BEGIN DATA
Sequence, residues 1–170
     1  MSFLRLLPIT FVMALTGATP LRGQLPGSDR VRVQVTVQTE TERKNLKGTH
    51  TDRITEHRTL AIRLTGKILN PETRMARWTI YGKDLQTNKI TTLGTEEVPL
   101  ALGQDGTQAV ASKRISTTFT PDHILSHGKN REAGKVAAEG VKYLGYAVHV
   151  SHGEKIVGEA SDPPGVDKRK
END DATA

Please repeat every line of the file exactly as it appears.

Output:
Sequence, residues 1–170
     1  MSFLRLLPIT FVMALTGATP LRGQLPGSDR VRVQVTVQTE TERKNLKGTH
    51  TDRITEHRTL AIRLTGKILN PETRMARWTI YGKDLQTNKI TTLGTEEVPL
   101  ALGQDGTQAV ASKRISTTFT PDHILSHGKN REAGKVAAEG VKYLGYAVHV
   151  SHGEKIVGEA SDPPGVDKRK